Taking a life drawing class that Berlusconi would be proud of - all in the name of being a good dad

Man About Town
  • @lukeblackall

Getting married makes you think about children. Everyone starts asking you about them, so you start thinking about what sort of parent you’ll be and the myriad ways you could mess them up. But one thing I don’t want to mess up were I to have children is teaching them to draw.

When they ask me to draw a chicken, I don’t want it to end up looking like a potato. For some that is a very real possibility. I hope that they will one day be better at everything than me, but for some things I don’t want it to be embarrassingly soon.

Of course it’s easier at first. Small children can usually only manage giant-headed stick men, with eyes in places only Picasso would put them. But in no time, they’ll be managing much more and you want to wait until they are older than you until they start laughing at your failings.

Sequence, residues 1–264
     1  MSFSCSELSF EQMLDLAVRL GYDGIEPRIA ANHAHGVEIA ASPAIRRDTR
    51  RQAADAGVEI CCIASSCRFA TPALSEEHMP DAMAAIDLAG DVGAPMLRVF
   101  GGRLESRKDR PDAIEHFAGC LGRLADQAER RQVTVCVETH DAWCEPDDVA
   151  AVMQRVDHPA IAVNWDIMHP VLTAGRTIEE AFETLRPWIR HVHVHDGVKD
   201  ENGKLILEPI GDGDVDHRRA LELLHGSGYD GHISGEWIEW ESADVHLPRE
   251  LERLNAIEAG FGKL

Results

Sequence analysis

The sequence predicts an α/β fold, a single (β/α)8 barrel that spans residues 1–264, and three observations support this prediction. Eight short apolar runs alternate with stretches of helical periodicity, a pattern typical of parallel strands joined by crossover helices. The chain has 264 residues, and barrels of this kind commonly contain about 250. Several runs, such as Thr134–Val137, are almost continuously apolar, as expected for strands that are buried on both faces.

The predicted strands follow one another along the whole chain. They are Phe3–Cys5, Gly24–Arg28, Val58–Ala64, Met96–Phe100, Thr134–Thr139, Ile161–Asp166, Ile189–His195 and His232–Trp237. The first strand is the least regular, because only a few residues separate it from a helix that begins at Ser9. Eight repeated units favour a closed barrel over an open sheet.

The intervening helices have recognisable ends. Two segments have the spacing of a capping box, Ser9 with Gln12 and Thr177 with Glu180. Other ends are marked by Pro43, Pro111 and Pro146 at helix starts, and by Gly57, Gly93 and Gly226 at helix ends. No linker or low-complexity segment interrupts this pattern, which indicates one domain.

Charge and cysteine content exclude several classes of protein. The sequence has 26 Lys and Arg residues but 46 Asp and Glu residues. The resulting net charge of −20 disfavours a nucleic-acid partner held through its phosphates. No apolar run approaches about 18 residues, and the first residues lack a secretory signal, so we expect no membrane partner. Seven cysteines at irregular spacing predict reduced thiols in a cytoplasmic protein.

This thought had been pecking away inside my mind when I received an invitation to a life drawing class at Bunga Bunga. This restaurant and bar, you may have spotted, was named after the game allegedly played during clothing-optional parties hosted by former Italian Prime Minister, Silvio Berlusconi. Despite the name, I was assured that nothing untoward was planned that evening.

As the name also suggests, it’s a venue that doesn’t take itself too seriously. From the gondola-shaped bar to Eurovision nights (with gigs from former contestants) to Italian conversation classes, the venue doesn’t want to be the same as any old bar.

The owners Charlie Gilkes and Duncan Stirling have had other London successes with Barts, a speakeasy-style bar hidden in a block of flats and an 80s-themed nightclub called Maggies (yes, after Thatcher), cleverly realising that people actually like quirky fun places.

It was good to be doing life drawing in continental surrounds, as sitting that close to a naked person you’re not sleeping with feels decidedly un-English. But when it came down to the actual sketching, I wasn’t nearly as bad as I had initially worried.

The instructor gave me helpful pointers and those, combined with the fact that my mind was focused on the charcoal in hand and not making a horrible smudgy mess, meant that I wasn’t the worst there.

If I keep practising, I feel as though I might not humiliate my offspring with my bad artwork. Instead I can save the embarrassment until they’re older when I offer to take them to a life drawing class.